Determining Your Engagement Ring Style & Budget

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Determining Your Engagement Ring Style & Budget

An engagement ring is one of the most permanent purchases you may ever make—it’s something you hope to keep for the rest of your married life, and something that you will likely want to wear every day. For that reason it’s critical that you think about what kind of style you might want, and make sure you set a budget that will allow you to purchase your dream ring without putting yourself into debt that will also last a lifetime.

 

A Timeless Classic

 

The prong-set solitaire is a diamond look that will never go out of style, so if you want to know that your ring can stand the test of time, stick with the classic.

 

A No-Frills Option

 

If you’re not interested in the frilly over-the-top diamond settings, or you are more of an active person and having a large diamond would get in your way, think about a setting where the diamond is flush with the surrounding metal. This reduces the chance that your diamond will snag or scratch when you’re out on your latest adventure.

 

The Not-Round Option

 

Fortunately if you don’t like the round-cut diamond, you have plenty of other choices these days. They include the princess cut and emerald cut (rectangle with rounded corners), both of which still offer a beautiful design to stand the test of time without going round.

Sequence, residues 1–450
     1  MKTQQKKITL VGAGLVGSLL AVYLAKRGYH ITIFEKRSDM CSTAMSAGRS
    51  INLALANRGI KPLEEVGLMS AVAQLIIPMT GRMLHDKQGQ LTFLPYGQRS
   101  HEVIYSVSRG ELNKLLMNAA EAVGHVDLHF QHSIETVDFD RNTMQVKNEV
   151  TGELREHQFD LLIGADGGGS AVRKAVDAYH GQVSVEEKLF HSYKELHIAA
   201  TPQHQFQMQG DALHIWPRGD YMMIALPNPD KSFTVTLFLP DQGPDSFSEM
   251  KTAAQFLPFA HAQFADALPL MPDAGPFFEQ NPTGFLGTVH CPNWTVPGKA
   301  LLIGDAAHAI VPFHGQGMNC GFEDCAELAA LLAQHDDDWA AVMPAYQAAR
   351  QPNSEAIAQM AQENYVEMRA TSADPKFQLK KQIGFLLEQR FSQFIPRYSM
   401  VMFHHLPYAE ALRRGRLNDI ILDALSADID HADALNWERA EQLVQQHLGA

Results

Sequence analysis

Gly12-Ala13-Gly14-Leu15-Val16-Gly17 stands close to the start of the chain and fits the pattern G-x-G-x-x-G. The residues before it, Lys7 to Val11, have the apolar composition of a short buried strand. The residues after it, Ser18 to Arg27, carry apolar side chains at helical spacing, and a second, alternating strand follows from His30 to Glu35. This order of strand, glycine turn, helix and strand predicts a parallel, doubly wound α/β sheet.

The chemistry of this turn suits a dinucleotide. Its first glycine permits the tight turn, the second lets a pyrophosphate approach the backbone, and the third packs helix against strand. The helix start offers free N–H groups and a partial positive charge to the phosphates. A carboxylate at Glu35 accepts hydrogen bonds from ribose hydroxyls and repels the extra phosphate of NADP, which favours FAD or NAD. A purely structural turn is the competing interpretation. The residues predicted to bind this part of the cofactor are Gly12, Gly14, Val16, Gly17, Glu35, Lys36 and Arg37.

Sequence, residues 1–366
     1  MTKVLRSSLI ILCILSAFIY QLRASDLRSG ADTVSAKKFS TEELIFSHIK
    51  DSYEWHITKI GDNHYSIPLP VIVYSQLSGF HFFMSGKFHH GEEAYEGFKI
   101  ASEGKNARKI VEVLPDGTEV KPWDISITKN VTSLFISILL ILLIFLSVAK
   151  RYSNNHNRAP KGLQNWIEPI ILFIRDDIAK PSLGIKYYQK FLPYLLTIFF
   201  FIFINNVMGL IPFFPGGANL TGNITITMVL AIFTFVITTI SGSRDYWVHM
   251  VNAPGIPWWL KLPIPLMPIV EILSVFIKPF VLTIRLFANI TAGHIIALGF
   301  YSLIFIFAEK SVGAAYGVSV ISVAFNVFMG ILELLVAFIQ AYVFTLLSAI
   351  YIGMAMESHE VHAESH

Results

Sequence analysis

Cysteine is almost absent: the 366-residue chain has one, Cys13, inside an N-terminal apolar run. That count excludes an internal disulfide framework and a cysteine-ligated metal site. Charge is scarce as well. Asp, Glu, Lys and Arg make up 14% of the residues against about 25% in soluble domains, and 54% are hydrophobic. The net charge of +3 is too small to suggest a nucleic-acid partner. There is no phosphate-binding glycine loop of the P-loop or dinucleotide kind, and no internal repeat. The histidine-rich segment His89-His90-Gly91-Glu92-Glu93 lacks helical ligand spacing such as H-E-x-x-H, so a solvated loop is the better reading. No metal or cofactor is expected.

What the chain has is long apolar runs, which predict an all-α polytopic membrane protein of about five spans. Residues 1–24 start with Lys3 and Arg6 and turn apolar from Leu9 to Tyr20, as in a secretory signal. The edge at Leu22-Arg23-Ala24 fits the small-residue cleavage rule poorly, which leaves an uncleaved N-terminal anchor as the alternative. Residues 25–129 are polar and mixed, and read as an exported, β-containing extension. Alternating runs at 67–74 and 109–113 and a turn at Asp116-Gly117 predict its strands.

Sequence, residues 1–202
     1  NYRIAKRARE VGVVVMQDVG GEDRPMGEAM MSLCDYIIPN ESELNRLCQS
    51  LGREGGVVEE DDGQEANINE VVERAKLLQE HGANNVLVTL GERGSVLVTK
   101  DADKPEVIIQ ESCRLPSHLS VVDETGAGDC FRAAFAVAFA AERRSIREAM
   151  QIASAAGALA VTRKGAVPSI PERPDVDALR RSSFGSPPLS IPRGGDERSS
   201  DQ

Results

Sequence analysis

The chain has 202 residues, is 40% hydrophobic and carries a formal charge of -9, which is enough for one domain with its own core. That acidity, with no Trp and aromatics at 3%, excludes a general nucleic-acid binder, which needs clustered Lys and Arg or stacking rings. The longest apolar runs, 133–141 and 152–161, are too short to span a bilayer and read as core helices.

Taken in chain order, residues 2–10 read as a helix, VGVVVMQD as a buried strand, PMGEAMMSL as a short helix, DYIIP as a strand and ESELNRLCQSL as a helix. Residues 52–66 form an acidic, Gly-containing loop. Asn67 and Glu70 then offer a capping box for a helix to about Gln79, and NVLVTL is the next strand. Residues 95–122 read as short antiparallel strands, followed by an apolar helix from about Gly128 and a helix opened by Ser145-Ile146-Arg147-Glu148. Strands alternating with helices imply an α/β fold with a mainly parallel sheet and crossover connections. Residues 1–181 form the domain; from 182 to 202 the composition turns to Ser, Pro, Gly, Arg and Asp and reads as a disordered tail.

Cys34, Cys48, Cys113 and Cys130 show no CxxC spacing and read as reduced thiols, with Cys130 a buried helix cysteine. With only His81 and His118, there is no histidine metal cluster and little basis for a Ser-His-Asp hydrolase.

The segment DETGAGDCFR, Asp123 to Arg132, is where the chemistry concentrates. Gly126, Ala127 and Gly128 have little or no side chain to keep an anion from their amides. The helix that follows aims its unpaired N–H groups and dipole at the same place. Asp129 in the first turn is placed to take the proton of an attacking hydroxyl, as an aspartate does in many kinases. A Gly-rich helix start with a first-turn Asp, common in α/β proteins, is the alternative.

Vintage Love

 

Vintage rings have made a huge comeback in recent years, and you can either find a jewelry maker that has vintage-inspired designs, or you can check out antique jewelry websites to get a truly unique piece.

 

Sticking to the Budget

 

No matter what kind of diamond you get, you want to make sure you don’t break the bank on your purchase, but also that you get the most ring possible at the most affordable price. Some strategies for getting the most for your money include:

 

  • Choosing a halo setting, with a center stone encircled by smaller stones, which can make a smaller center diamond look bigger
  • Add a band to your engagement solitaire to increase the size of the entire ring
  • Consider something besides a diamond for the center stone—sapphires (in hues of blue, green, orange, pink, purple, and yellow), emeralds, or other options can get you the look of colored diamonds at a lower cost
  • Line the band with smaller diamonds to give the entire ring more bling without needing a larger center diamond
  • Go just below a setting size—for example, a 0.9 instead of a 1.0 carat diamond—since diamond costs can jump significantly at the carat and half-carat marks
  • Choose a gold or white gold band over platinum

 

Whatever your diamond ring style, make sure you get exactly what you are looking for and don’t settle until you find just the right one. After all, it will hopefully be a once-in-a-lifetime purchase.